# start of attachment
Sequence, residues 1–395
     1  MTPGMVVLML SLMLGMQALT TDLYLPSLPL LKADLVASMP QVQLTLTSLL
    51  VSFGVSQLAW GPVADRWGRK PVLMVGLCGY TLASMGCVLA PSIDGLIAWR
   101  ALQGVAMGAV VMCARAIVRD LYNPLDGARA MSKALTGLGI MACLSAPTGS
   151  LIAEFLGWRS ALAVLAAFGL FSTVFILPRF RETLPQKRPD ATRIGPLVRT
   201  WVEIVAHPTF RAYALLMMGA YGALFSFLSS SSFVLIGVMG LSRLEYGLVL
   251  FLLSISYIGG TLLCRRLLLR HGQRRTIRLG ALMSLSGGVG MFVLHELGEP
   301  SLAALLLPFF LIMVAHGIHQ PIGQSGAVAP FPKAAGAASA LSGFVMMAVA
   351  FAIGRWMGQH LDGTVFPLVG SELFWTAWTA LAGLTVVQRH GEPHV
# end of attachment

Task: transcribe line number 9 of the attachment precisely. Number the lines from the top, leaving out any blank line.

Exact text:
   351  FAIGRWMGQH LDGTVFPLVG SELFWTAWTA LAGLTVVQRH GEPHV